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Find your closest SA SWARM Collectors

The Information on this Page is Offered as a Public Service

The BSSA Swarm Collector's list includes beekeepers that have knowledge and experience in collecting swarms and in some cases, undertaking more complex bee removals. 

The Swarm Collectors are not employed by the Society, nor do they pay a listing fee. 

Every Swarm Collector is expected to hold their own public liability insurance and employ recognised Work Health Safety Standards when collecting swarms. 

The BSSA expects Swarm Collectors to uphold professional standards and represent the Society in a positive manner. Failure to do so may result in their removal from the BSSA Swarm Collector's list. 

If you would like to provide feedback about your experience using the service of any of the swarm collectors listed on the BSSA website, please send an email to

Swarm Collector Contact Details & Service Areas

Beekeepers may charge a call-out fee, an hourly rate, or a flat rate for their time and travel costs, which is less than typically charged by a pest controller.  Charges should be negotiated before the work commences.  Some Collectors may ask you to sign a simple agreement that protects them from liability.

It is best to SMS the swarm collectors instead of phoning, because often they are busy chasing bees, and it helps them keep track of multiple swarms in a day.

Swarming bees are generally peaceful, if they are not disturbed. Move slowly around them and do not spray or swat at them.
Please take a photo as close as you are willing to get to them, because a picture can be better than a thousand words.

You do not need to let the bees settle for 48 hours. They are looking for a new home and if you leave them for 48 hours it stresses the homeless swarm and increases the risk of the bees moving into a cavity in or around your home.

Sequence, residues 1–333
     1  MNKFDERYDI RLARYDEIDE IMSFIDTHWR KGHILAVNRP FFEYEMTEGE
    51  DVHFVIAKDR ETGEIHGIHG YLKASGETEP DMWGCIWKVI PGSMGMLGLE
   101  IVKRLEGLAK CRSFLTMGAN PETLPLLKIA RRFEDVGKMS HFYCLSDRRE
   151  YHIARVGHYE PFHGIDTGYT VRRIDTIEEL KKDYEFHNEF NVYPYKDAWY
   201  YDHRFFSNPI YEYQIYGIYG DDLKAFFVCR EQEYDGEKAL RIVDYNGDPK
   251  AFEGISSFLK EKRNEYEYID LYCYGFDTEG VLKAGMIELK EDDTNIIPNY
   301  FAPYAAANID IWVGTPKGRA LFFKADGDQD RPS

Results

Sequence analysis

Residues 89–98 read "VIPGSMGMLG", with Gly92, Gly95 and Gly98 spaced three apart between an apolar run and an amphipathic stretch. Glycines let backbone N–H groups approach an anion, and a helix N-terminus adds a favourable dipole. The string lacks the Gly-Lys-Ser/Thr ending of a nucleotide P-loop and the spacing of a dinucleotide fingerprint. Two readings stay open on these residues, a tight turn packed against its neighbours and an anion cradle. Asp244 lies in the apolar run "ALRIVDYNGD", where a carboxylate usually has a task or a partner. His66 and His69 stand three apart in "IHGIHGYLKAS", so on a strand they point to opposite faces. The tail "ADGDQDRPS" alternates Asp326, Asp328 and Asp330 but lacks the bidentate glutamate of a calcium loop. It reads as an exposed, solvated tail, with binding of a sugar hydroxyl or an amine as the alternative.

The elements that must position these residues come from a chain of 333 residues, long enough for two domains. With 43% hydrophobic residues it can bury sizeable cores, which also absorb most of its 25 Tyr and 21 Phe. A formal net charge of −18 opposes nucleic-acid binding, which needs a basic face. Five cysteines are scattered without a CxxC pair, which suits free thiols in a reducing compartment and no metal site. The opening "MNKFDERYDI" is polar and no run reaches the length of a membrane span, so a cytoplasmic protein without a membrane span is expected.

A normal swarm collection usually involves at least 2 visits. The normal process is to relocate the swarm into a bee box and then leave the bee box near to where the swarm was. Then wait until dusk or after dark for all the bees to enter the box.  Then the bee box is taken away and looked after by the beekeeper.  It can then be a year of care for the bees to build the colony's strength to the point where there is excess honey to harvest.

Please SMS answers to the following questions, or be prepared to answer the following questions on the phone.  

    1. Your first name and suburb.
    2. How long have the bees been there? i.e. hours, days, months, years?
    3. How big is the swarm?  i.e. 20 bees trying to get into wall vents, football sized bunch, basketball sized, 2 basketballs?
    4. How high are they?  i.e. below 2m, 5m in a tree?
    5. If a swarm, what are they attached to?  i.e. a wall, door, bush, tree, fence?
    6. If an established hive, what are they going into? i.e. an old speaker, chair, cupboard, wall, bird box?
    7. Is it your property, or public land or a neighbours?

The Google map below has details of all the Swarm Collectors base location.

You can click on the pin of the Swarm Collectors to obtain their name and mobile number.

If you have problems with the map on your device try clicking in the top right to get "Full Screen View".

Also included below the map is a table that has all the names, mobile numbers, and base suburb.

The table is sorted by suburb, from North to South.